The benefits

  • Curing in challenging environments: polyurethane adhesives and sealants are either heat or moisture curing. Ambient humidity can be very high as the system only cures faster in the presence of moisture. Generally the systems also cure even if the ambient temperature fluctuates or shifts towards extremes. This varies per product.
  • Suitable for numerous materials: polyurethane bonds and seals porous and nonporous materials including metals, wood, concrete, most plastics, rubber, epoxy, leather, paper, glass and many more. PUR adhesives and sealants are also suitable for bonding dissimilar materials. Note that most polyurethanes do not adhere well to polypropylene, polyethylene, silicone or surfaces coated with fluoropolymers like Teflon.
  • Waterproof: polyurethane sealants and glues are generally waterproof, however, the water resistance varies per formulation. Most systems resist water enough to cause no problems in exterior construction applications. Nonetheless, polyurethane adhesives and sealants are not recommended for full immersion underwater.
  • Wide operating temperature range: as PUR adhesives are extremely weatherproof, they are also suitable for a wide range of operating temperatures. Polyurethane glue is a considerable option when the temperature is between -40°C and 100°C.
  • Environmentally friendly: polyurethane offers sometimes a more eco-friendly alternative: for example timber lamination is possible with PUR adhesives instead of formaldehyde containing systems. PUR adhesives and sealants are generally solvent-free and have zero to very low VOC. Also food safe polyurethane sealants and adhesives exist.
  • Stress absorption and vibration damping: especially the elastic polyurethane adhesives and sealants absorb stresses and damp vibration and noise. Therefore, they are common in vehicles, for example in transport vehicle glazing and cabins of agricultural machinery. Here also PU adhesive sealant systems are common.
  • Paintability: to increase aesthetic appeal or protect seams and bonds from factors like UV radiation, PUR adhesives and sealants are paintable. Acrylic paints are the most suitable for the job.

Considerations regarding PUR adhesive and sealant systems

Even though polyurethanes have many benefits that often make them the preferred choice, they are not flawless. Some factors that must be considered when working with polyuretahne sealants and adhesives are as follows.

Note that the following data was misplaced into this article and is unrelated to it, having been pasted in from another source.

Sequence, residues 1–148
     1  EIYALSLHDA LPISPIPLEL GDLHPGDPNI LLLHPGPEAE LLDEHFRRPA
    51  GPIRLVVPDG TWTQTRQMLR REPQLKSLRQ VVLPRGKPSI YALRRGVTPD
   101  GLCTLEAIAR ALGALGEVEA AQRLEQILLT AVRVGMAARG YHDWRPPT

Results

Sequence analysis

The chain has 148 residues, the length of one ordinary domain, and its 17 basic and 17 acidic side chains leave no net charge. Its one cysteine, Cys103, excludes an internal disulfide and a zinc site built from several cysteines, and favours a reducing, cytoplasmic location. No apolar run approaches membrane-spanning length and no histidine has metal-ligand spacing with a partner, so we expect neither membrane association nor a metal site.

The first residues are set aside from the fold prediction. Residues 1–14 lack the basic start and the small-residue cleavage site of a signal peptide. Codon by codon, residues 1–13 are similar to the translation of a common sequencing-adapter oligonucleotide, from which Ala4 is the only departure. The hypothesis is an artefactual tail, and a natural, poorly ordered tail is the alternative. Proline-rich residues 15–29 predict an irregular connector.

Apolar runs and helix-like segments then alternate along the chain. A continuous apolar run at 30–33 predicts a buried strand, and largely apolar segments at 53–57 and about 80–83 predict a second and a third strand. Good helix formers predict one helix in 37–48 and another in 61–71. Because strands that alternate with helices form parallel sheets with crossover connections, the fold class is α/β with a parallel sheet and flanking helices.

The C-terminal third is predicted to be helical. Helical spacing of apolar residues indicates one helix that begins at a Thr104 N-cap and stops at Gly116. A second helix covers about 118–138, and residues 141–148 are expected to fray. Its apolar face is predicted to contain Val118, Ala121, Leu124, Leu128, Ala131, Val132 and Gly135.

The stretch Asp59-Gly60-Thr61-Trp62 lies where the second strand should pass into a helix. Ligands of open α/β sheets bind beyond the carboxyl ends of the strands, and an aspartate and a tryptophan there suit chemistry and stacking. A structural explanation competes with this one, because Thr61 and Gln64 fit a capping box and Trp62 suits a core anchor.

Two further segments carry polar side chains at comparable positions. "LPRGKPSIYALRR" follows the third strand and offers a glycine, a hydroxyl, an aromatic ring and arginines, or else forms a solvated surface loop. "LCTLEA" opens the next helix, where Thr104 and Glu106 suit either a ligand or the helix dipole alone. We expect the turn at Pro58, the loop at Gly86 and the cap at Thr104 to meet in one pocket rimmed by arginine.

• Strength: polyurethane forms strong joints yet they are not comparable to those formed by epoxy adhesives and sealants. Especially when bonding metal to metal, epoxy is likely to deliver stronger results.
  • Contains isocyanates: isocyanate groups are a crucial part of polyurethane formulation. However, they are toxic and require additional safety measures during processing. Nevertheless, once the polyurethane reaches its final strength, isocyanate is not a hazard.
  • Short pot life/ skin formation time: working with polyurethane adhesives and sealants requires speed as the curing process starts quickly. When working with 2K polyurethane adhesives or sealants, the pot life must be kept in mind as the reaction starts as soon as the components are mixed. On the other hand, the skin formation of 1K products can also start fast.
  • Long curing times: even though PUR adhesives and sealants exist as fast curing systems, there are also solutions that require up to 48 hours to reach final cure. However, these adhesives can also be beneficial, and they are suitable for example for the book binding industry. The advantages (moisture, cold and heat resistance, fast setting, low melting point etc.) are greater than the long time it takes to reach for final cure.

Types of polyurethane adhesives

The two most common adhesive types are epoxy and polyurethane. The latter is more flexible when it comes to modifying the bonding systems. Polyurethane adhesive exists as one and two component systems which can be either elastic or rigid depending on the composition. The single component polyurethanes are generally easier to work with as they do not require mixing prior to application. On the other hand, 2K polyurethane adhesive systems tend to be stronger and have more desired physical properties.

Single component moisture curing polyurethane adhesive

polyurethane adhesives applied in construction
Single component moisture curing polyurethane adhesives are common as general purpose glues in interiors and exteriors.

Moisture curing polyurethane adhesives are predominantly single component systems which require moisture in order to set. Prior to application, these adhesives are sticky, and they cure into a bond which remains elastic. Therefore, these polyurethane adhesive glue systems are often used for applications such as glazing and construction.

When working with moisture curing polyurethane adhesives, it is important to consider the skin formation time of the adhesive. As soon as the PUR adhesive comes into contact with the moisture in the air, a skin starts forming. The skin formation time is the time one has to work the glue.